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Vaccine- who will have it?


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Back to the OP - just had mine. 
 

All running extremely smoothly here. There appear to be 6 vaccinators, and slots are 15 minutes apart - they may be doing more than 6 each 15 minutes as it literally takes a few seconds. Just waiting my 15 minutes post-jab to make sure I don’t die. Don’t think anyone has so far. 
 

All good :)

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Who is talking about setting up in a cowshed?  There are plenty of nice, warm venues large enough to do this on the IOM without OTT adaptations.  

It was quite revealing when at one of the briefings last week he spent quite a while explaining how the IOM's clinicians had debated whether to extend the period between doses, and it was a consensus

Timeout. You were given a gentle hint earlier. 

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It would appear that that the vaccination programme has been designed to comfortably cope with our current supply of circa 1,000 doses per week.  This would suggest that the full programme will take all year, let’s all be patient and continue to follow the “rules”.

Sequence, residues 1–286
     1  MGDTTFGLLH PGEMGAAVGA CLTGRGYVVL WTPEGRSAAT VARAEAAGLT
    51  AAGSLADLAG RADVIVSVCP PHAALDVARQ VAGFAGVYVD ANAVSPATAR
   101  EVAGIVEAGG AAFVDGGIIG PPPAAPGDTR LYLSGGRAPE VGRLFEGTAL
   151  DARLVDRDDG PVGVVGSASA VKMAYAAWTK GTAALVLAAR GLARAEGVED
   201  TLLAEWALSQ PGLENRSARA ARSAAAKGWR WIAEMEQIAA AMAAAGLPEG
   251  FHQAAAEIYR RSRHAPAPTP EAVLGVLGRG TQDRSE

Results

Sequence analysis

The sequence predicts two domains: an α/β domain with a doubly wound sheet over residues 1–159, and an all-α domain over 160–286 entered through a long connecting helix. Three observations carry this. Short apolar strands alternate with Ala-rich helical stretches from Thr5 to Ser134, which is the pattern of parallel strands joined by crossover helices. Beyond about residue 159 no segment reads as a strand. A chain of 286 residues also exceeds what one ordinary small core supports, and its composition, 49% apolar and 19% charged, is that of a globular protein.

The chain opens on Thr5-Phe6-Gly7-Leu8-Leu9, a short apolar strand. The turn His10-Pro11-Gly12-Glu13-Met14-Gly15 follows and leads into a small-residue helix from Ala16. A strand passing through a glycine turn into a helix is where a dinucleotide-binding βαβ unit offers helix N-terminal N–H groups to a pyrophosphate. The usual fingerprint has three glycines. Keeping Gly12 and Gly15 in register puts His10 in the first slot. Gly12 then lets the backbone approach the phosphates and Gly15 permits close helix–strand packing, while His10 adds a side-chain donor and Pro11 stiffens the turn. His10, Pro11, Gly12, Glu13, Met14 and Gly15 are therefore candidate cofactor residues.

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28 minutes ago, Kopek said:

How long from first sitting down in the waiting room to leaving the place, please? Can one go straight to work?

I didn’t wait at all - filled in my consent form, straight to jab (ahead of appointment) then just 15 mins waiting (observation to make sure there’s no early adverse reaction) afterwards. Yes you can go straight to work. 

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2 hours ago, Banker said:

What will they do for those elderly people who don’t have email like my mum & uncle?

Well they seem to have got round that by deciding not to vaccinate them.  If you look at their announcement of the start of the programme:

It's V-Day in the Isle of Man as the first person is vaccinated against Covid-19. Sandie Hannay a residential support worker in DHSC's Learning Disability service had the jab this morning in front of the Manx media - ahead of 900+ health & care staff from across the Island in this first week of our roll-out programme.

the only people they seem to be vaccinating are staff.  Now this goes against the JCVI advice on priority groups:

Quote

1. residents in a care home for older adults and their carers
2. all those 80 years of age and over and frontline health and social care workers